Bro2’s attitude set the precedence for the tenor of the rest of the day, however, affecting not just me but the rest of the family as well. By nine PM, tentions among everyone skyrocketted. There was, certainly, a period of peace in all this to be had: it was on the car ride from Berkeley to Walnut Creek, during the times when my brother and I listened to a podcast recounting the rebellion and execution of Anabaptists in Münster Germany during the sixteenth century. (No, I am not kidding.)

Now, up before dawn, I wonder dubiously whether things will continue as they are and, if so, how I can possibly handle it for eleven days. But I’m going to be in Ireland! This thought alone seems to keep worry at bay, until I get up at dawn and find I am so dizzy that I have to sit down on the floor.

I am subsequently not so aware of any of my family members, as I go through the motions of getting in the car, standing on the train to the airport, and going through security, all the time feeling disturbingly ill. This lasts until I get some medicine during the layover in Chicago. Then, perhaps due to the medicine alone, perhaps due to the fact that I have now sat down in the plane that will take me to Dublin, the sudden illness symptoms slowly subside.

My brothers are safely sitting tucked away in the row behind me, and I’m sitting next to my mom. She’s in the window seat, which I feel is only right given that she’s the one who can see what’s on the other side of the glass.

I sleep, eat dinner, sleep, eat Breakfast, and sleep some more. During the times when I am awake, however, I find I cannot stop thinking about how strange it is to be returning by air through roughly the same route my ancestors took to get here, and how their travels were far more treacherous than mine.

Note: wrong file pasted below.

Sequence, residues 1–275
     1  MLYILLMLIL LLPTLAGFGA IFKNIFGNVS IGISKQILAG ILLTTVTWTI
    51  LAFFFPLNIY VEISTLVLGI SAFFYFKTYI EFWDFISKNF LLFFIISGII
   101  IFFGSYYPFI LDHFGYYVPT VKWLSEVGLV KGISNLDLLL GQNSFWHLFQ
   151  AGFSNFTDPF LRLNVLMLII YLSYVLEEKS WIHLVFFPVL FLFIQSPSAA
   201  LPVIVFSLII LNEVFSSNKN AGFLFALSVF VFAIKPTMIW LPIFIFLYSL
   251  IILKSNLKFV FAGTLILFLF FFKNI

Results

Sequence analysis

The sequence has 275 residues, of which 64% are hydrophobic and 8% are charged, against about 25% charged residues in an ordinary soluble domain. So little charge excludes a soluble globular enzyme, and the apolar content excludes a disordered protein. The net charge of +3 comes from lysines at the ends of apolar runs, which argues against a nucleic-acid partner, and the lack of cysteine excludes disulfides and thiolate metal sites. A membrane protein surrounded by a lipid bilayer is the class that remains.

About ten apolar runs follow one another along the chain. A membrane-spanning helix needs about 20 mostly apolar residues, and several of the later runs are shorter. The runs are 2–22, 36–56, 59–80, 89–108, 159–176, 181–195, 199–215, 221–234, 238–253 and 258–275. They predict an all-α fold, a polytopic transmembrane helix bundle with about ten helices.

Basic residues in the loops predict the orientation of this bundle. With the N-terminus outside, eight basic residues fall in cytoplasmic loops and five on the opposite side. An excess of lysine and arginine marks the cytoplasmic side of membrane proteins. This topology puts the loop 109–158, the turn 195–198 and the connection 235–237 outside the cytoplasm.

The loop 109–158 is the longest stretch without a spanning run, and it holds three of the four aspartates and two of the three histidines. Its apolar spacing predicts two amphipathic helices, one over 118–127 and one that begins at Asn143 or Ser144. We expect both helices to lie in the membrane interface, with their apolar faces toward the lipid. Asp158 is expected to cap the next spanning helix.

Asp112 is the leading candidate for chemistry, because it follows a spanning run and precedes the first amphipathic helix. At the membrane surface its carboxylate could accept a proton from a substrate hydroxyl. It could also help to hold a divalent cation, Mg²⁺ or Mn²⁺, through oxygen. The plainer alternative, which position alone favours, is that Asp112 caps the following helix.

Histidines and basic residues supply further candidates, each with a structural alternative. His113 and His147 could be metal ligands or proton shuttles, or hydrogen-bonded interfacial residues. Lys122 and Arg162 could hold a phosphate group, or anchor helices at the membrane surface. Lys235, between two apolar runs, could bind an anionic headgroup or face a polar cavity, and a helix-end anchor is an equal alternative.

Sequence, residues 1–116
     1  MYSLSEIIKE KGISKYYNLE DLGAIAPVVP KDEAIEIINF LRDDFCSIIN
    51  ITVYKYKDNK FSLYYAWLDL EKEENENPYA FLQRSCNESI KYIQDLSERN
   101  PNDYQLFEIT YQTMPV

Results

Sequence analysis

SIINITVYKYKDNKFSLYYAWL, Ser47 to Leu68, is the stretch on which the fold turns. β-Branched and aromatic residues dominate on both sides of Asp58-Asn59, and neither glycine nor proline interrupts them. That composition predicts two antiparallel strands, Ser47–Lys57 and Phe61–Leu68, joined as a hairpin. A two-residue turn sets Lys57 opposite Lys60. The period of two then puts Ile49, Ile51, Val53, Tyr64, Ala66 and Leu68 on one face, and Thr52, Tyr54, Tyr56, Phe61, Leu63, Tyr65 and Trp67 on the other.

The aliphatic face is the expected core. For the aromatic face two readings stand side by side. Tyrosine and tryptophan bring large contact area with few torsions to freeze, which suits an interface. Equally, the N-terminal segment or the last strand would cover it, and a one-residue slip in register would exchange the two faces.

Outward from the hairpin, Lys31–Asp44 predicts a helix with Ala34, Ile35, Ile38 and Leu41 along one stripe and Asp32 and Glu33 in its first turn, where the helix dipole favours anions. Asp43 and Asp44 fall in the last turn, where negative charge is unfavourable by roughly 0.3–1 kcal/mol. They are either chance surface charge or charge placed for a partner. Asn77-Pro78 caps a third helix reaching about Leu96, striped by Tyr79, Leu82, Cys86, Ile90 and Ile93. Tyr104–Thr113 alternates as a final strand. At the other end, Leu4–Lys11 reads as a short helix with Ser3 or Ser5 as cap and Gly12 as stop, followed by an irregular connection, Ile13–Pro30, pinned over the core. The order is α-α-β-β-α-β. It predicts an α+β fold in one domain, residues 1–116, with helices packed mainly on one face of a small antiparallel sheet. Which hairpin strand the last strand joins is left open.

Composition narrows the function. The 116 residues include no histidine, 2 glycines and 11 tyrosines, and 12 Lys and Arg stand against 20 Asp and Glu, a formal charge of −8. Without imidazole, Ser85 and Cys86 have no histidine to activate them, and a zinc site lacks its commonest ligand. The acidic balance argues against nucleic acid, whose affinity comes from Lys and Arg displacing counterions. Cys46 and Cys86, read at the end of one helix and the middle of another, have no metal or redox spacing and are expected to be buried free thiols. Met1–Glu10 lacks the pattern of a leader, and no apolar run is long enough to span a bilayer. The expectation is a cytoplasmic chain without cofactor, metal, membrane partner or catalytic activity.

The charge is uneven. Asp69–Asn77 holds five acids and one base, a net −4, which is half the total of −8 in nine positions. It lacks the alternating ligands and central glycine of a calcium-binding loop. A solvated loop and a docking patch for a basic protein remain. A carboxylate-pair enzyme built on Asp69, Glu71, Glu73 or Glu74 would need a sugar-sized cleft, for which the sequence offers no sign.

We have an ancestor, James O’Cahill, who emigrated to America from Tipperary sometime in the seventeen hundreds. He would have made this journey in reverse, on a ship, with at least six to eight weeks time in transit. The ocean to him would not simply be a vast wonder to marvel at down below, while residing safe and in sanitary comfort in a pressure controlled cabin in the sky. For him, and for all those who left Ireland whether for the sake of adventure, to escape the engulfing wasteland of hunger, or to ride the wind in desperation before a relentless pursuing tide of imperialism and fear, the journey would prove to be a right of passage, as much as a passage of time, and for most there was only a one-way ticket. Among their challenges would have been their daily awesome and terrible encounters with a dynamic and sometimes ferocious sea, with the power to force respect and intimacy beyond what anyone perhaps had ever imagined or ever wanted to endure. The ocean could give as much as take life, and this was no metaphor. Both the ship, and whatever conditions prevailed on it, as well as the sea itself were guaranteed to transport one to a new world, but for some, it was not America or any where in this world at which they would ultimately arrive.

James O’Cahill did make it to America alive, settling in Iowa, where several members of each generation of the family, including my grandfather, were born. It is because of this ancestor’s journey, and the wondrous, brave, and I am sure sometimes harrowing ventures of many others, that I even exist, let alone have the privilege to “hop the pond” in less than a day, with an almost certain safe arrival and a guaranteed round trip ticket. The primary emotion residing within me as I fly effortlessly over the Atlantic, then, is profound humility.